S Samal, P Pallavee, P Sabita
abnormal uterine bleeding, hysterectomy., placental site trophoblastic tumour
S Samal, P Pallavee, P Sabita. Placental Site Trophoblastic Tumor: A Case Report.. The Internet Journal of Gynecology and Obstetrics. 2012 Volume 16 Number 3.
Placental site trophoblastic tumor (PSTT) is the least common form of gestational trophoblastic neoplasia composed of predominantly intermediate trophoblasts. Since 1981, about 150 cases have been reported in literature.
A 25 year old woman, P2L2, attended our outpatient department with complaints of menorrhagia and moderate dysmenorrhoea of one year duration. Her last menstrual period (LMP) was 10 days prior and she was bleeding for the past 10 days. She had two previous normal vaginal deliveries and the last childbirth was 2 years back. She had no significant past medical or surgical history. On examination, she had marked pallor with stable vital parameters. Her pelvic examination showed first degree uterine descent with bulky anteverted uterus. Her hemoglobin was 5.4 gm%. Transvaginal ultrasound showed bulky uterus with fundal submucous fibroid of size 3.3 x 3.9 x 3.2 cm.
During the hospital stay she had a severe bout of bleeding not responding to high dose progesterone or tranexamic acid. Urine pregnancy test (UPT) was done to rule out pregnancy related complications including gestational trophoblastic neoplasia (GTN) but was negative. A repeat Doppler-aided transvaginal ultrasonography revealed an ill-defined, vascular tumour invading the myometrium near the fundus. Therapeutic curettage was done, keeping everything ready for vaginal hysterectomy in view of the highly vascular nature of the tumour and material sent for tissue diagnosis. After curettage, bleeding stopped and she was transfused with four units of packed cells. Histopathological report showed simple hyperplasia of endometrium with focal areas of atypia and adenomatous polyp with surface ulceration. Based on histopathological report and taking into consideration her young age, patient was advised for medical management with the need for strict follow up in view of focal areas of atypia. However, patient was unwilling for the same, and opted for surgical management.
After obtaining informed consent, vaginal hysterectomy was done. Intraoperative period was uneventful except for increased vascularity. Specimen revealed a bulky, soft uterus with left cornual sub mucous fibroid of 3x3cm size and a right cornual bluish hemorrhagic mass of 3x3 cm size. The postoperative period was uneventful and she was discharged on the fifth postoperative day with instructions to report for follow up after two weeks.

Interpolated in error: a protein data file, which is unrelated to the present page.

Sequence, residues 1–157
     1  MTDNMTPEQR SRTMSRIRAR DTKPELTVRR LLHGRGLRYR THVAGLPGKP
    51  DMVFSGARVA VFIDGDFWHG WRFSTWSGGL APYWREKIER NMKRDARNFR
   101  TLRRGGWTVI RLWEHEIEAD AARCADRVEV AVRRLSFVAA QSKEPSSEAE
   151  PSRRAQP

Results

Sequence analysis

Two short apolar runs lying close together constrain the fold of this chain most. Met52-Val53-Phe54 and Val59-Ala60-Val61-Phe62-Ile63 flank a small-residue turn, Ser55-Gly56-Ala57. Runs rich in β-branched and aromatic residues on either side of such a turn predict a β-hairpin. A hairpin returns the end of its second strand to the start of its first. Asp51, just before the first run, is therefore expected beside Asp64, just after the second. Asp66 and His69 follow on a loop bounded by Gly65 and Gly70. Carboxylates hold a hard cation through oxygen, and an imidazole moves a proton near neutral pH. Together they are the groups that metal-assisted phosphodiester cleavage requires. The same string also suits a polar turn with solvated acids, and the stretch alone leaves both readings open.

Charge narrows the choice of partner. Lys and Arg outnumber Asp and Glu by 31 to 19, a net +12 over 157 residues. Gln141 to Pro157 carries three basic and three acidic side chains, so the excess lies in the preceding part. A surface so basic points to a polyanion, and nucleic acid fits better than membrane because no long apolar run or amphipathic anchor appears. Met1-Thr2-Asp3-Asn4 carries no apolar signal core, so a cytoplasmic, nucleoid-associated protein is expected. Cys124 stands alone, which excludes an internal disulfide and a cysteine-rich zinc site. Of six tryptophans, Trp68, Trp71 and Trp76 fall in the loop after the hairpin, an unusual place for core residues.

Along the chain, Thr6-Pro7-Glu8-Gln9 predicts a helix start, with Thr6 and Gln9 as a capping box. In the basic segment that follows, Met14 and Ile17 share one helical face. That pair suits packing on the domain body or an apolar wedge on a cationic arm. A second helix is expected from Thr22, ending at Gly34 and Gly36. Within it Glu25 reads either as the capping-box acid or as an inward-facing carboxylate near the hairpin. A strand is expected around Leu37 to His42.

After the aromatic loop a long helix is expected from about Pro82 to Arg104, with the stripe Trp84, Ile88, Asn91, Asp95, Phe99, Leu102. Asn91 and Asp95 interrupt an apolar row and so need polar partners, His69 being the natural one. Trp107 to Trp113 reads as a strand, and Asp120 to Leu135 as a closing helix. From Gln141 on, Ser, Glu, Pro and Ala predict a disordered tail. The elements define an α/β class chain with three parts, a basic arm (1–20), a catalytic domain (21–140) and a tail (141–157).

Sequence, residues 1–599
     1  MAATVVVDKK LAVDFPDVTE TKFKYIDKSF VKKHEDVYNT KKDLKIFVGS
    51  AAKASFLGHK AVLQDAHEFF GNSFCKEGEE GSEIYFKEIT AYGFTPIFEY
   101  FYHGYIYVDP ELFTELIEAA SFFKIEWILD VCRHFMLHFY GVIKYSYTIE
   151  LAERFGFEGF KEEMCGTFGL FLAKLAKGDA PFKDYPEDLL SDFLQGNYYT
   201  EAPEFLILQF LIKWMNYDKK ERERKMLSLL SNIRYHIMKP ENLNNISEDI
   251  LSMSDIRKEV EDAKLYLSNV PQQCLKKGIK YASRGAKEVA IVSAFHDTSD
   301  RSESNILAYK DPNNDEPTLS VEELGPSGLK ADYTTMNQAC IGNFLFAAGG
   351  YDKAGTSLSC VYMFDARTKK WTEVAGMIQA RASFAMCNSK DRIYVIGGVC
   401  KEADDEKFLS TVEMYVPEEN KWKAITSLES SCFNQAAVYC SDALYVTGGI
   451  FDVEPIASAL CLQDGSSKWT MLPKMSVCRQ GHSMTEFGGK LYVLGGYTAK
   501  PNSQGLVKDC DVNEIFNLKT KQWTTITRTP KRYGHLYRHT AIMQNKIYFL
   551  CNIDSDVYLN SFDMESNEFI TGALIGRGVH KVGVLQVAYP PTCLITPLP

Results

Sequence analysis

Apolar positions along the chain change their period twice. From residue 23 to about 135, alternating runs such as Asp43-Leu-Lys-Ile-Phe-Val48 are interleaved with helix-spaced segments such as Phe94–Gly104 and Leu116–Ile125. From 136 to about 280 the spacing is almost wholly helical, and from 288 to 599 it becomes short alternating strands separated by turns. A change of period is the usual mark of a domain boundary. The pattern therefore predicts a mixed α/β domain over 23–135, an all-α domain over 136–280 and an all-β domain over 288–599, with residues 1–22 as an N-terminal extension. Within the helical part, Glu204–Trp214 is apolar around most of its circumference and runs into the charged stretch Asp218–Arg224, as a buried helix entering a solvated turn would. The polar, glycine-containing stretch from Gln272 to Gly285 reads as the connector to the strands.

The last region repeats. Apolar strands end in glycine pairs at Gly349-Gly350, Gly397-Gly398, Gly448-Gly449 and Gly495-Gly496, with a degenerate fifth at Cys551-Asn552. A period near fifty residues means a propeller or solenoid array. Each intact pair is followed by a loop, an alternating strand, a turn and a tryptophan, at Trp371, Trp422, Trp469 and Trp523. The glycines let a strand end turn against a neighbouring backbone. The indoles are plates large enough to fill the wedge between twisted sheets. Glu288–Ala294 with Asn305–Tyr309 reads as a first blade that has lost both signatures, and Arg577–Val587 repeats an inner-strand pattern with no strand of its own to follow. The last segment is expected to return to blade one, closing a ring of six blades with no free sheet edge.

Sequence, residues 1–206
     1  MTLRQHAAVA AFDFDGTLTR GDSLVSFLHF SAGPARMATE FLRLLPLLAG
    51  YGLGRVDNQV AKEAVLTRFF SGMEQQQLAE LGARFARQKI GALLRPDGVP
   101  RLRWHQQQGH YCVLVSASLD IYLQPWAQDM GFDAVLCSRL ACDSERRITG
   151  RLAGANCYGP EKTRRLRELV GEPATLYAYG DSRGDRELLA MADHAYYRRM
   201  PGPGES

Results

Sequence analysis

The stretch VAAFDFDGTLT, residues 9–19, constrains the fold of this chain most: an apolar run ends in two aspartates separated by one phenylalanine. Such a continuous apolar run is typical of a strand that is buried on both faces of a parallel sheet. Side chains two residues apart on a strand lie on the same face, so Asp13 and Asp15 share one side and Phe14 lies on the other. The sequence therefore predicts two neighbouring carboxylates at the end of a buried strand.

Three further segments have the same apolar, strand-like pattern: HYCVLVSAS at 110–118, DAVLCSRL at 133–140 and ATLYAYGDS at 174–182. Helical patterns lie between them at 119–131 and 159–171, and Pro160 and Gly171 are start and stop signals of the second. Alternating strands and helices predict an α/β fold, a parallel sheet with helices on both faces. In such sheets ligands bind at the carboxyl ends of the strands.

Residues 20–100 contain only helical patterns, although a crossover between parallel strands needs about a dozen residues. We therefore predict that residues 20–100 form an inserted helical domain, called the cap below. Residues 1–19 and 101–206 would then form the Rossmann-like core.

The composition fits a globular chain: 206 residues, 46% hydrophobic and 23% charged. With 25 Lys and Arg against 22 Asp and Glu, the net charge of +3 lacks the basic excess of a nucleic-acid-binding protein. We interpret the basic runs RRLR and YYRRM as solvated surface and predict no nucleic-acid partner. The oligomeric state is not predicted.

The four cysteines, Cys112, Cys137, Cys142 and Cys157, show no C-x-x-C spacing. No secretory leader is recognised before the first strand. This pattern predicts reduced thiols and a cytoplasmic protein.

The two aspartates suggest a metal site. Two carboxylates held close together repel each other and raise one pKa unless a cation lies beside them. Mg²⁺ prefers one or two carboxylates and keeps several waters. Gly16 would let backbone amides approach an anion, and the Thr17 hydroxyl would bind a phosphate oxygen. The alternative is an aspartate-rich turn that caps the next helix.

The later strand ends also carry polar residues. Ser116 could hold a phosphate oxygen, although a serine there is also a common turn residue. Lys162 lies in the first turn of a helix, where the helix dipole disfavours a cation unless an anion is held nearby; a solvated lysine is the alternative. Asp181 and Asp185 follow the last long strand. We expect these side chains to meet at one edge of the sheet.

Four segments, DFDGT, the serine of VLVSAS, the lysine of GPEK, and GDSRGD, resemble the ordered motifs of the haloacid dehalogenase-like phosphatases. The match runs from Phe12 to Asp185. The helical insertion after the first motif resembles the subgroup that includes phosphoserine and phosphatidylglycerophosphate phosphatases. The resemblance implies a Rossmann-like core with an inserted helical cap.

The histopathological report of the specimen suggested chronic endometritis with hyperplastic basal endometrium, leiomyoma and degenerated placental polyp resembling placental site trophoblastic tumour. With diagnosis of PSTT, we sent a communication to the patient to report for follow-up. However, she never turned up for the same, despite subsequent communications sent to her address.
Placental site trophoblastic tumour is a rare form of gestational trophoblastic neoplasia (1-2%). It is usually seen in the reproductive age group and can follow a normal pregnancy, abortion or gestational trophoblastic disease2. The common presenting symptoms are irregular vaginal bleeding and amenorrhoea. It is more likely to occur after pregnancy with female fetus. Our patient had two normal vaginal deliveries and her last child was female.
Histopathologically, it is characterised by a neoplastic monomorphic population of implantation-like intermediate trophoblastic cells, extensively infiltrating the myometrium. The tumor cells are positive for human placental lactogen but rarely for human chorionic gonadotropin3. Hence, a raised HPL level and a normal to slightly elevated HCG level is valuable in diagnosing PSTT. Though UPT was negative, we have not assayed serum β-HCG or HPL levels as it was a retrospective diagnosis from hysterectomy specimen. The imaging findings of PSTT are nonspecific, the tumor appears as an endometrial or myometrial mass and can be hyper vascular or hypo vascular4. Our case was a hyper vascular type infiltrating the myometrium. Although it has been recommended to avoid dilatation and curettage in hyper vascular tumors, paradoxically our patient stopped bleeding after curettage.
About 10-15% of PSTT can be clinically malignant commonly metastasising to lung and vagina. Occurrence of CNS metastasis is considered a poor prognostic factor5. Other pprognostic factors include interval from antecedent pregnancy (
Surgery remains the cornerstone of therapy. Remission rates up to 100% have been reported with disease limited to uterus. Women with metastatic PSTT at the time of diagnosis require chemotherapy. Recent data from Charing Cross hospital and other centers indicate EMA/EP as the most effective treatment for metastatic and recurrent PSTT2. Our patient had certain good prognostic factors like age < 40, antecedent pregnancy < 2yrs and disease confined to uterus and a definitive surgery like vaginal hysterectomy conducted. However, as our patient was lost to follow up, we are unable to determine the outcome in this case.